The evolution of ceratopsians

  • Qi Zhao

Student thesis: Doctoral ThesisDoctor of Philosophy (PhD)


The Ceralopsia is a group of herbivorous, beaked dinosaurs from the Late Cretaceous. In my PhD thesis, I carried out research on the evolution of ceratopsians through bone histology and numerical analysis. Based on numerous specimens of Psittacosaurus iujialunensis in different ontogenetic stages. a bone histological study of ontogenetic growth in Psittacosaurus lujiatunensis shows some differences from Psittacosaurus mongoliensis. Bone thin sections from individuals of particular ontogenetic ages revealed some novel aspects of dinosaur behaviour, such as posture shift and juvenile-only clusters. Numerical analyses on phylogeny, diversity and disparity show the macroevolutionary patterns of ceralopsians. "The mechanism of postural shift in Psittacosaurus is revealed by histological study, and the transition from quadrupedality to bipedality appears to have occurred at about age 2. Juvenile-only clusters in Psittacosaurus, ranging from five to 34 individuals, and with evidence for a variety of ages in at least one specimen (IVPP V14341) suggests some unique juvenile-only behaviour. Tbe series of thin sections from P. lujiatunensis indicated five types of bone tissue and four histological ontogenetic stages, i.e., batchling, juvenile, sub-adult, and adult. None of the specimens was fully-grown. P. mongoliensis and P. lujiatunensis are similar in external morphology, but their growth patterns in terms of bone histology show several differences. According to the cladistic analysis, which combines basal and derived ceratopsians for the first time, Chaoyangsaurus youngi is the most basal ceratopsian, and Yinlong downsi is the most basal neoceratopsian, instead of Chaoyangsaurus youngi. The diversity research supports the idea that the major large-bodied herbivorous ceratopsians endured about 5 Ma of decline in taxonomic diversity before their extinction. In the disparity research, basal neoceratopsians occupied the largest rnorphospace compared to later groups, suggesting considerable anatomical specialization through the Late Cretaceous.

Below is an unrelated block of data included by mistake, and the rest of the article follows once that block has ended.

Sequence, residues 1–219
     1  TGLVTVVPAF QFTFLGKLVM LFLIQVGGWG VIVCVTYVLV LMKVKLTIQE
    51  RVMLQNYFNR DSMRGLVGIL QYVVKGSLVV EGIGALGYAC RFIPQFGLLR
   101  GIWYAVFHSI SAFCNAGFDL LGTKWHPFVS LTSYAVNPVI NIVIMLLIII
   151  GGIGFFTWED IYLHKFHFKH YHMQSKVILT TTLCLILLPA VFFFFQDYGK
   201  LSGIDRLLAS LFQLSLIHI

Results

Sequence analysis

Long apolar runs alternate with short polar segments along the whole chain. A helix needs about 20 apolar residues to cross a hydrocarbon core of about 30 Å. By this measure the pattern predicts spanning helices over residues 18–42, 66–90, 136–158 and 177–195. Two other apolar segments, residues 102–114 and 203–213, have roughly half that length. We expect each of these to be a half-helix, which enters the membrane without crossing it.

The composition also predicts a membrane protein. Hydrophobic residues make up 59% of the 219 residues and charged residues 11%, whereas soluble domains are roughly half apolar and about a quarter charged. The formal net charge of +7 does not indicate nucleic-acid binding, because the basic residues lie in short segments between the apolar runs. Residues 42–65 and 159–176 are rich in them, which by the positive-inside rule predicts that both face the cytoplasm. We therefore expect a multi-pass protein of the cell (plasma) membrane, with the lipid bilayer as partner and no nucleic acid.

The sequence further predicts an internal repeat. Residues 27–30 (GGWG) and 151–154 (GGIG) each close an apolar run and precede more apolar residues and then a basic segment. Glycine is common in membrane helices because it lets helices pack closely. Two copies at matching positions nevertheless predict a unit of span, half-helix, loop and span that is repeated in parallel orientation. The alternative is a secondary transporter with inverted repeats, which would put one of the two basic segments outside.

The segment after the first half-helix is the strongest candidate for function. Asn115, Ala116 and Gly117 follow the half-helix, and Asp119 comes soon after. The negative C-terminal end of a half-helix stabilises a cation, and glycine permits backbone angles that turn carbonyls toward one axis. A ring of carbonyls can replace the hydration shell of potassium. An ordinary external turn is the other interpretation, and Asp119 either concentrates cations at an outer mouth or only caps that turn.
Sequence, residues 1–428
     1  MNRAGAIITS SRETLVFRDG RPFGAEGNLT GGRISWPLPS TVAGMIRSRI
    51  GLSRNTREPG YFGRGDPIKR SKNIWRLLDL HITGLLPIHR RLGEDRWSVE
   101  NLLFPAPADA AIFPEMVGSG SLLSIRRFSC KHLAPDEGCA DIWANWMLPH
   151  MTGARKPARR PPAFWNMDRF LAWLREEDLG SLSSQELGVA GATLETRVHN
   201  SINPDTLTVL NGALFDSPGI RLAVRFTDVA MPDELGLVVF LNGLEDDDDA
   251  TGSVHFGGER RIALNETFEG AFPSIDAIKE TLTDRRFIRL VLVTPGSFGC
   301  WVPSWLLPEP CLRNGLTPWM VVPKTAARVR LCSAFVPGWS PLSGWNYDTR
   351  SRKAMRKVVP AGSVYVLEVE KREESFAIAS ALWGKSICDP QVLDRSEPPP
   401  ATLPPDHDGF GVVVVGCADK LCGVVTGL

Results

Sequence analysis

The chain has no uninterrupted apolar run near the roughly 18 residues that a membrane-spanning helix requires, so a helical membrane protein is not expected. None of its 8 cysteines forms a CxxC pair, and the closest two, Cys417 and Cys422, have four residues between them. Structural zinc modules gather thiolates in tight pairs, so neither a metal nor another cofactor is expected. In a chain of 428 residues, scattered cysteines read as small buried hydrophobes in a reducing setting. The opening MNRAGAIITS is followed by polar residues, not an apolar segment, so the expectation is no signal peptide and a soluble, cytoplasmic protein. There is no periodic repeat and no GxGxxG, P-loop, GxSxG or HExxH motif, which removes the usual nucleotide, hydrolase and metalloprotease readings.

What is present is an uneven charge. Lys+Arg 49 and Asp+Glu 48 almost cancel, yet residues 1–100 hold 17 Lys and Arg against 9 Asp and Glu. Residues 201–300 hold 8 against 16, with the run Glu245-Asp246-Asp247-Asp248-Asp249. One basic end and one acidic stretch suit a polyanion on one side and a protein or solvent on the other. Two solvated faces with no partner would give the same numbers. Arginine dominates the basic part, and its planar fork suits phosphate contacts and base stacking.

Date of Award2013
Original languageEnglish
SupervisorMichael J Benton (Supervisor)

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